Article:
Certain claimants might have to make their claim through the Whiplash Reform Programme. If you are a passenger or driver in a vehicle and 18 or older, the value of your injuries will determine how you claim. The reforms do not apply to pedestrians.

Minor injuries suffered in a road traffic accident, valued at £5,000 or below will be claimed through the whiplash reforms. In addition, the overall value of your claim cannot exceed £10,000.

For example, if your car was damaged in a car park and you would like to include this as part of your claim, the value of the repairs combined with the value of your injuries cannot be more than £10,000.

If you suffer whiplash in a car accident, it will be assigned value from the tariffs in the Whiplash Injury Regulations 2021. However, other minor injuries will be valued in accordance with the compensation brackets set in the Judicial College Guidelines (JCG), which we examine later in this guide.

What Evidence Can Support A Car Park Accident Claim?

In car park accident claims, you’ll be required to present evidence that can prove that the defendant acted negligently and that you suffered harm as a result. For example:

  • A diagnosis from a doctor or medical professional can prove the extent of your injuries. If you went to the hospital after the accident, ask for your hospital records.
  • Ask for the contact details of anyone who might have witnessed the car parking accident, so that your solicitor can get in touch with them.
  • Take photographs of your injuries or any damage to your car.
  • Request CCTV footage if your car was damaged in a car park. The footage can determine exactly what happened and who caused the damage.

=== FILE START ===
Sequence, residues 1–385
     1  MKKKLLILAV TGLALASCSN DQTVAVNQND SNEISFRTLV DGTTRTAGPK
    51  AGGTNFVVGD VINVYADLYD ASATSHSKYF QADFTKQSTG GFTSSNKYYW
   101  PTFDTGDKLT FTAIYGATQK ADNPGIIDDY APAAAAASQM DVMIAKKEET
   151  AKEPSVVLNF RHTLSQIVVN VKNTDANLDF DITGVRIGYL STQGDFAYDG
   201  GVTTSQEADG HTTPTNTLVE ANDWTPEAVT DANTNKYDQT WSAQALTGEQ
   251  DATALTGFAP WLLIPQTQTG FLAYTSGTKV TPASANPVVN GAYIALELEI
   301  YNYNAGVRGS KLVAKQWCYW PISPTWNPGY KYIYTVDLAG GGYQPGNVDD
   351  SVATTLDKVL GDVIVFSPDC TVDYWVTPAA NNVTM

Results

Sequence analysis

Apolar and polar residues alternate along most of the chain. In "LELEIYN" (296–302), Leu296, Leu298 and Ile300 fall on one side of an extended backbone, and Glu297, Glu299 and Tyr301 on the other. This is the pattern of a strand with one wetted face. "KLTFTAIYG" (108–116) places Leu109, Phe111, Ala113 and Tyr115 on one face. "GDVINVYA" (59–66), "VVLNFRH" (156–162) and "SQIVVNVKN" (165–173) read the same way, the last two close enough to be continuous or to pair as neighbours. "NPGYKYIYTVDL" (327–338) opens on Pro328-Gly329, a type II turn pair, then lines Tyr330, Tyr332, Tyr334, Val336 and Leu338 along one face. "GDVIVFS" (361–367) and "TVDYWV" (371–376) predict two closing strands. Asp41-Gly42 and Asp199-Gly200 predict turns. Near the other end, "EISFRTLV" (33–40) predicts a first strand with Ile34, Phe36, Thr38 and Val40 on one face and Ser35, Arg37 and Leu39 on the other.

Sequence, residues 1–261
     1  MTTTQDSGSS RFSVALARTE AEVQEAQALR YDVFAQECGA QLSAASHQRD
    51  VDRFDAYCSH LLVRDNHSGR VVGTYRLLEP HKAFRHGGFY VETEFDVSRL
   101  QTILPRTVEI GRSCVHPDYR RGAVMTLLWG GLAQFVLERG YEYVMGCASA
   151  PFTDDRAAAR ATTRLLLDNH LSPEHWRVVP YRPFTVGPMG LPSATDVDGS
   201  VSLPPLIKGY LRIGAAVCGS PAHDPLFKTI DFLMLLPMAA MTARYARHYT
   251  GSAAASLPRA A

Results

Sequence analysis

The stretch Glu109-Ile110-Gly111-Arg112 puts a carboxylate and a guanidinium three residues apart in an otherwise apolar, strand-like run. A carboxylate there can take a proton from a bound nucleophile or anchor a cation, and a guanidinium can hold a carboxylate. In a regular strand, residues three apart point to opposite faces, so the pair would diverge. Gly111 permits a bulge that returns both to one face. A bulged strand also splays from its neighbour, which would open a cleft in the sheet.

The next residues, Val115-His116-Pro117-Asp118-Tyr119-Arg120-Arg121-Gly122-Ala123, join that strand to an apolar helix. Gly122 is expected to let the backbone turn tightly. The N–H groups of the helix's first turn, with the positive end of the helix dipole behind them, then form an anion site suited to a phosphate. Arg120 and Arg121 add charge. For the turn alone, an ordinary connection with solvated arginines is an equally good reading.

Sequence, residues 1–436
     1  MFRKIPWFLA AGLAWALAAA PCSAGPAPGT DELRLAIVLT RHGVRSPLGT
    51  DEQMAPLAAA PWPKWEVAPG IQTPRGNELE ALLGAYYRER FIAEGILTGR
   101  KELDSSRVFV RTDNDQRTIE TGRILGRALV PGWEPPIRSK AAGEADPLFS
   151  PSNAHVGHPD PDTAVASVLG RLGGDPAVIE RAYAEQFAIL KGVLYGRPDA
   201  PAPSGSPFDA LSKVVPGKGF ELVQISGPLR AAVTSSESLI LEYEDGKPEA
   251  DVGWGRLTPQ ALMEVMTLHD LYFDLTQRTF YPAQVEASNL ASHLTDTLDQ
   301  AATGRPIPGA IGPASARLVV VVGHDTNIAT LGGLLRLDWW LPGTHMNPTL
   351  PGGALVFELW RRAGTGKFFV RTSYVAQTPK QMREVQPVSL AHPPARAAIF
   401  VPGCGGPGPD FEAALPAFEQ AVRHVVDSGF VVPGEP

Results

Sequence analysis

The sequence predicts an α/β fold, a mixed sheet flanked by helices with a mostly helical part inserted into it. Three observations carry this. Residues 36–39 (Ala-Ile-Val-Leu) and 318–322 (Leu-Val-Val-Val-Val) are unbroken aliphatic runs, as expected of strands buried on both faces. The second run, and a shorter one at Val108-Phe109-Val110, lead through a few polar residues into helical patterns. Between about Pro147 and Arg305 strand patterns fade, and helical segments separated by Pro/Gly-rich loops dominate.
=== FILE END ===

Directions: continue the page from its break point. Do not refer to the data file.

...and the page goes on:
• Proof of any financial harm or expenses you have incurred because of your injuries, such as a bank statement or invoice. They can be helpful if you seek special damages.

Please don’t hesitate to contact us if you would like to discuss what other evidence you could obtain for your car accident claim.

Additionally, we could put you in touch with one of our expert road traffic accident solicitors and they can help you collect evidence.

Accidents In Car Parks – Get In Touch To Claim With Our No Win No Fee Solicitors

One of our lawyers may be able to help you with your claim. They have experience with personal injury claims for car park accidents and could help you with gathering evidence, ensuring your claim is filed within the limitation period, and guiding you through the claims process.

Furthermore, they may offer you a type of No Win No Fee agreement known as a Conditional Fee Agreement (CFA). Under this type of arrangement, you will not be required to pay anything upfront or during the process of your claim to your lawyer for their services. Additionally, you won’t have to pay them a fee for the work they have done on your case if it is unsuccessful.

Should your claim succeed, your lawyer will deduct a success fee from the compensation awarded to you. The percentage that they can take as this fee is legally limited.

Our friendly advisors could inform you whether you are eligible to work with one of our lawyers. They can also help answer any questions you may have about personal injury claims for accidents in car parks.

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To get in touch with one of our advisors, you can:

Helpful links

Below, you can find some useful links on personal injury claims.

Thank you for reading our guide on car park accident claims.


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    • Patrick Mallon

      Patrick is a Grade A solicitor having qualified in 2005. He's an an expert in accident at work and public liability claims and is currently our head of the EL/PL department. Get in touch today for free to see how we can help you.